The Royal Oldham hospital has been told it must improve its emergency care after a watchdog found there was a 'potential significant risk of harm' to patients.
The Care Quality Commission (CQC) carried out a surprise inspection of the Rochdale Road hospital’s urgent and emergency care services at the height of the second Covid-19 peak at the end of November.
Chiefs say it was prompted by concerns being raised from staff and members of the public about the safety and quality of services during the pandemic.
Following the visit the CQC demoted the department from ‘good’ to ‘requires improvement’ after discovering issues, including patients waiting on trolleys for 12 hours or longer.
The five-strong inspection team found that infection risk was not always well controlled, and staff did not always maintain social distancing between patients or themselves.
During November, 271 patients waited more than 12 hours to be admitted and the high demand, cramped conditions in the building and ‘lack of flow’ meant that staff were not always able to keep patient care and treatment confidential.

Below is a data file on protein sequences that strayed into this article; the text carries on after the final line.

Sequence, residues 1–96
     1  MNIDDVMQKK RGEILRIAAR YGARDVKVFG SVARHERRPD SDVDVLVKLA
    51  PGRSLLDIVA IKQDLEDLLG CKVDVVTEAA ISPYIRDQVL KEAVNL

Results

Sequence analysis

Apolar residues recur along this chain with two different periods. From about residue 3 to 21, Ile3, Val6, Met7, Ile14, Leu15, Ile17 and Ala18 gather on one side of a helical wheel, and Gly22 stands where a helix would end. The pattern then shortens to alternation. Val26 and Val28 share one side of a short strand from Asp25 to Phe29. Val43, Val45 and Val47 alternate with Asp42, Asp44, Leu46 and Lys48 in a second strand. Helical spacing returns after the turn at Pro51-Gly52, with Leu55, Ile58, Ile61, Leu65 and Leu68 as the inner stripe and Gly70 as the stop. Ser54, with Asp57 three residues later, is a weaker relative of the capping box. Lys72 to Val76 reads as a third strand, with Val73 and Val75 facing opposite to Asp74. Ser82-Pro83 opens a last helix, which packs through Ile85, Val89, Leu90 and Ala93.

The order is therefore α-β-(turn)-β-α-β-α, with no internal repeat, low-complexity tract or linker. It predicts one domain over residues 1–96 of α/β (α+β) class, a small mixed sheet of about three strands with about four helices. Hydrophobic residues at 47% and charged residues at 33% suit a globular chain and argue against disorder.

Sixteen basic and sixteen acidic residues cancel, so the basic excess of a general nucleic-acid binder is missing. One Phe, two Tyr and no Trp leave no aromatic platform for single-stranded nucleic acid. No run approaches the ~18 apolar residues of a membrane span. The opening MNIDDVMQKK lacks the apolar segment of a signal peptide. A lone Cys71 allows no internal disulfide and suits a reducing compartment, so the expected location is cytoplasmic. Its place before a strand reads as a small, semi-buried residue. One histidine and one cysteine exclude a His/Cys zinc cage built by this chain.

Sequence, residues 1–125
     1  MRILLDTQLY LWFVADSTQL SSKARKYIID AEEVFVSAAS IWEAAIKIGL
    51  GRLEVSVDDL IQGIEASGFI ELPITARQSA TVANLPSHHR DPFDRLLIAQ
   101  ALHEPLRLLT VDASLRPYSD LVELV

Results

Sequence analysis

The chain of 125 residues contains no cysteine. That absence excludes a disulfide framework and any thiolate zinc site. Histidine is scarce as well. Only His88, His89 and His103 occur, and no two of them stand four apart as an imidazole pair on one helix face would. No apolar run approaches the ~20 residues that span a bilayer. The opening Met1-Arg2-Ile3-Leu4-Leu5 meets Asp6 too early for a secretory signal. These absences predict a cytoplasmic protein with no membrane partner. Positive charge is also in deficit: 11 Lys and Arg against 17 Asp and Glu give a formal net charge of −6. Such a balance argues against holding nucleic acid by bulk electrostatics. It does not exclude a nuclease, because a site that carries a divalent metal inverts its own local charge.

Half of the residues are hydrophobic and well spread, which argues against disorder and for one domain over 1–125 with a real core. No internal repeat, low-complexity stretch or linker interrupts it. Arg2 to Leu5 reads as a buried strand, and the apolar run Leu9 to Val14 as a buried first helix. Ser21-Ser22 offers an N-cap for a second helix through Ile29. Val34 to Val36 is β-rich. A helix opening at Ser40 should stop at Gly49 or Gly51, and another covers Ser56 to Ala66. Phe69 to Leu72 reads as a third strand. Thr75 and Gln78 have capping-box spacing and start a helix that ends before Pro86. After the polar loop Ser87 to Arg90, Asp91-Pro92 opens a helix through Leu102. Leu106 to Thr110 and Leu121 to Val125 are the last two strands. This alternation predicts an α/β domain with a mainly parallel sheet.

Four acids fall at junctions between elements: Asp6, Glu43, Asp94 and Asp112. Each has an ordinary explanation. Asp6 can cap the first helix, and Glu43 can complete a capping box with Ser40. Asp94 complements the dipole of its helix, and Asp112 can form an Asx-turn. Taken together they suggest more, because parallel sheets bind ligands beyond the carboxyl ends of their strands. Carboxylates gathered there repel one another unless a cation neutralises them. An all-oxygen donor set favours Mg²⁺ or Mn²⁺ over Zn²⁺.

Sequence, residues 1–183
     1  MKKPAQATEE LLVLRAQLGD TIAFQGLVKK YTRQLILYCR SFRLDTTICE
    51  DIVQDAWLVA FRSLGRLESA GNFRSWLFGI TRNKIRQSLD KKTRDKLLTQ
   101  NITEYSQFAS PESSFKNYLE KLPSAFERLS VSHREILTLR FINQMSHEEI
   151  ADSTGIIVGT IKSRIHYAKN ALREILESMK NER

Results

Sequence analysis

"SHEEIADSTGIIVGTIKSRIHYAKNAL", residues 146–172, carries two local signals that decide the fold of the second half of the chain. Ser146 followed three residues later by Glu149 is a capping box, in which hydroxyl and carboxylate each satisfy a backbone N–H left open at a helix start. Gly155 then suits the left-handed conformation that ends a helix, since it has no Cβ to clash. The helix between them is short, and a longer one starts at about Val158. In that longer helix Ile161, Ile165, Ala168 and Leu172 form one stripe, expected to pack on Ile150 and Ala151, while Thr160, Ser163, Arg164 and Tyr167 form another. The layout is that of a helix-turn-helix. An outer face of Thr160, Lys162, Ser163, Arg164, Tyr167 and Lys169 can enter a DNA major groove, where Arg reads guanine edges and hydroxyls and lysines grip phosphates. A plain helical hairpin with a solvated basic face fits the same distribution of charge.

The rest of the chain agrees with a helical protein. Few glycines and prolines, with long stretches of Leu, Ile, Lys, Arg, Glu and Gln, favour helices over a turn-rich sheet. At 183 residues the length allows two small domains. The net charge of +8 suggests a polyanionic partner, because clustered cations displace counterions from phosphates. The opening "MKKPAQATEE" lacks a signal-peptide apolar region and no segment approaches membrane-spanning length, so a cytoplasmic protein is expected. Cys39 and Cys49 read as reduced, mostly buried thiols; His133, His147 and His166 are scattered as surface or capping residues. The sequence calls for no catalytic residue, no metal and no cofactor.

The report stated that inspectors witnessed staff inserting a catheter and giving an injection in the corridor of the department.
Ambulance crews arriving with patients who had not been yet tested for Covid-19 brought them through the respiratory corridor increasing the risk of ‘cross infection’ by spreading coronavirus.
A relative was also seen being directed into the urgent treatment centre without any coronavirus screening.
The CQC report also said that on ‘multiple occasions’ staff did not keep to hygiene protocols, including inconsistent use of hand sanitiser.
One staff member was seen interacting with patients without using gloves, washing their hands or changing personal protective equipment (PPE) between patients.
Staff also did not always change their PPE when moving from different areas, such as between the paediatric department and the adult major’s area.
Inspectors also found that the floors were ‘sometimes not cleaned’ and the design and use of the facilities and signage did not always keep people safe.
Although the department usually had enough registered nurses on duty on most shifts, there were not enough health care support workers and medical staffing levels were reliant on locum and agency staff.